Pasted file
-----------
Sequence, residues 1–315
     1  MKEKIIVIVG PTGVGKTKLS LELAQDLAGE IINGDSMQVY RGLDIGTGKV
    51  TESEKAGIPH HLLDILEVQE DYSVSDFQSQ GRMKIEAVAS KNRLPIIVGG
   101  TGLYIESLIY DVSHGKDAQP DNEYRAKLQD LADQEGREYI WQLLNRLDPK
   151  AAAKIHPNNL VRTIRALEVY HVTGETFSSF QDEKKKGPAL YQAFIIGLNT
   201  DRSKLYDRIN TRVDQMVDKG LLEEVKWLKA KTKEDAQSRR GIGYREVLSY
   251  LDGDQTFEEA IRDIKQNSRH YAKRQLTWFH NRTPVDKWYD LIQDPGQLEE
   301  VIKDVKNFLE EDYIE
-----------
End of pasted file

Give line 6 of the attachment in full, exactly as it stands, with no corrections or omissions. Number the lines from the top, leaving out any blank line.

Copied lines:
   201  DRSKLYDRIN TRVDQMVDKG LLEEVKWLKA KTKEDAQSRR GIGYREVLSY